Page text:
The first of Nielsen's usability heuristics states that a system should always keep users informed about what's going on, through appropriate feedback within a reasonable time. But what is "appropriate feedback"? And what is a "reasonable time"?
Nielsen's advice is that the limit is about 0.1s for users to feel that they are directly manipulating the UI, 1s for their flow to remain uninterrupted, and 10s for keeping the user's attention.
Response times under 0.1s need no feedback to the user, other than displaying the result of their action.
Response times of between 0.1s and 1s typically require no special feedback, but the user will feel like the computer is working on their command. They will lose the feeling of being in direct control.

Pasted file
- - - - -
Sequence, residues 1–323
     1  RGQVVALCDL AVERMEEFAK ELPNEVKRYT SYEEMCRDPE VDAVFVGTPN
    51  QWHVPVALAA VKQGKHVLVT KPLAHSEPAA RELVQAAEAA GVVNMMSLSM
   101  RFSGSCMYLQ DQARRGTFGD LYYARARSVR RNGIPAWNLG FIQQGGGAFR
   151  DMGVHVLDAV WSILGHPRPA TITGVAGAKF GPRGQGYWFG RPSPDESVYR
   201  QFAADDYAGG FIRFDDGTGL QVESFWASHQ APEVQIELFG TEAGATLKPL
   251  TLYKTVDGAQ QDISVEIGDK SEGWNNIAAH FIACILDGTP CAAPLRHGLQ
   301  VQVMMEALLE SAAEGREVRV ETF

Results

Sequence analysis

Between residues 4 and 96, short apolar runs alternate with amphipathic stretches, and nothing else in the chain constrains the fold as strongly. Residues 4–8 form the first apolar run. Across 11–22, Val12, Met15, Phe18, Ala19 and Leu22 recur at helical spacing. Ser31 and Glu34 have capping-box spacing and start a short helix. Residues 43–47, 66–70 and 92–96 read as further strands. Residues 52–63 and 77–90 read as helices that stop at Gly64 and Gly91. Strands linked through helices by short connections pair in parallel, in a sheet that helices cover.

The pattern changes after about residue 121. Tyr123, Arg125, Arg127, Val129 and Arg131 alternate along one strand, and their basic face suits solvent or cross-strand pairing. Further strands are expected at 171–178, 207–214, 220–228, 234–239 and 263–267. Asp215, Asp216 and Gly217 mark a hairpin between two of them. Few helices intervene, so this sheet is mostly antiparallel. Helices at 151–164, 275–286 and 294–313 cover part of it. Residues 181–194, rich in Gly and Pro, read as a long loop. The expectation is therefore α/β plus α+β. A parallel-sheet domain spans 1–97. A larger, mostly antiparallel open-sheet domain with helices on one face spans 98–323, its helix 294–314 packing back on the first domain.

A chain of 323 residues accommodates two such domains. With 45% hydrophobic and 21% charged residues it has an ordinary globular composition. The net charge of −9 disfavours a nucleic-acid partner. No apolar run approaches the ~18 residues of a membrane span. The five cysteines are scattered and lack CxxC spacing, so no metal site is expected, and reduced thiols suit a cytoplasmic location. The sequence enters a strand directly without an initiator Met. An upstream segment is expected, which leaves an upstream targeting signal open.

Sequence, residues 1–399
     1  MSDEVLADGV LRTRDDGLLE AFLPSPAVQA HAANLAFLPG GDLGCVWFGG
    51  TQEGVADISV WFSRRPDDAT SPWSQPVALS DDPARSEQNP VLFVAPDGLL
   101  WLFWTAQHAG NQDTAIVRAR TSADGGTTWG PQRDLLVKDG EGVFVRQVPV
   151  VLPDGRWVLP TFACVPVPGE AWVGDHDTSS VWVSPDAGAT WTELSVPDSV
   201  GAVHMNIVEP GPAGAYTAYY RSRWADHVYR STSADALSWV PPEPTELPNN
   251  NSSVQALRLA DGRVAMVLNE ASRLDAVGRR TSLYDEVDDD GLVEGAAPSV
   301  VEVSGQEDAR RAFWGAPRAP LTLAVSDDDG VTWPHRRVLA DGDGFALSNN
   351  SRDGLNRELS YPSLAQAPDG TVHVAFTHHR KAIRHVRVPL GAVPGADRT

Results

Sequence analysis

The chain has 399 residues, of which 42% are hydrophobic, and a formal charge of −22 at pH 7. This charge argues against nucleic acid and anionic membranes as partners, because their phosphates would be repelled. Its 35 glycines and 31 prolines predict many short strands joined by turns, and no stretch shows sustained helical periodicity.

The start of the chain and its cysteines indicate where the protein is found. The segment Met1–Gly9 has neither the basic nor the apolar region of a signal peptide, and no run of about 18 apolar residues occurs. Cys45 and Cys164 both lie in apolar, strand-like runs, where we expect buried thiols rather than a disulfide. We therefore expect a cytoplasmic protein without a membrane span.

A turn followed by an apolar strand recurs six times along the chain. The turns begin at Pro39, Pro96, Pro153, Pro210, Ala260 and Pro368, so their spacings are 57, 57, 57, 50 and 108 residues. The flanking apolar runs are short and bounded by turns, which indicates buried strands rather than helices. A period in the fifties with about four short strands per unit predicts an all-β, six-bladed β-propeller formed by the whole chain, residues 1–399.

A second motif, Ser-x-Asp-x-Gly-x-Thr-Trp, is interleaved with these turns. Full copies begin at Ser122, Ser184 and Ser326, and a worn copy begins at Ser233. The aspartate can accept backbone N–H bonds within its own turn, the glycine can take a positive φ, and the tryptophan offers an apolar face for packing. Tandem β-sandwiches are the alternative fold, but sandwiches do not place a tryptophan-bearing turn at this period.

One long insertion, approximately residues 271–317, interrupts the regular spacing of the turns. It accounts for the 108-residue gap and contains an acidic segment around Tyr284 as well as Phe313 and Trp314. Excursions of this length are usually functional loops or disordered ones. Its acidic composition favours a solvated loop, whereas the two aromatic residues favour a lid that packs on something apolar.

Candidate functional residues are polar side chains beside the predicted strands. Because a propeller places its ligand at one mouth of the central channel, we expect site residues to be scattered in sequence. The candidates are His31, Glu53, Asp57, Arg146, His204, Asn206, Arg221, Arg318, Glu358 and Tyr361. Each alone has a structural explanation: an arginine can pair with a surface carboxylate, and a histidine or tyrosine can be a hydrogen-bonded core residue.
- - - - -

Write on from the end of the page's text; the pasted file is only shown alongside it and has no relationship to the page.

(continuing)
Response times of between 1s and 10s typically require an unobtrusive indicator that the system is busy, such as changing the cursor to a busy icon or providing a discreet numeric indication of percent done in the corner of the screen.
Response times of over 10s should display some kind of percent done indicator, should allow the user to perform other work while waiting, and should allow the user to cancel the task. A percent done indicator reassures the user that the system has not crashed, indicates how much longer he can expect to wait, and makes the wait less annoying by giving him something to look at. If a percent done indicator cannot be provided, the next best option is to display messages providing running feedback on what the system is currently doing. Displaying a non-specific busy indicator should be a last resort.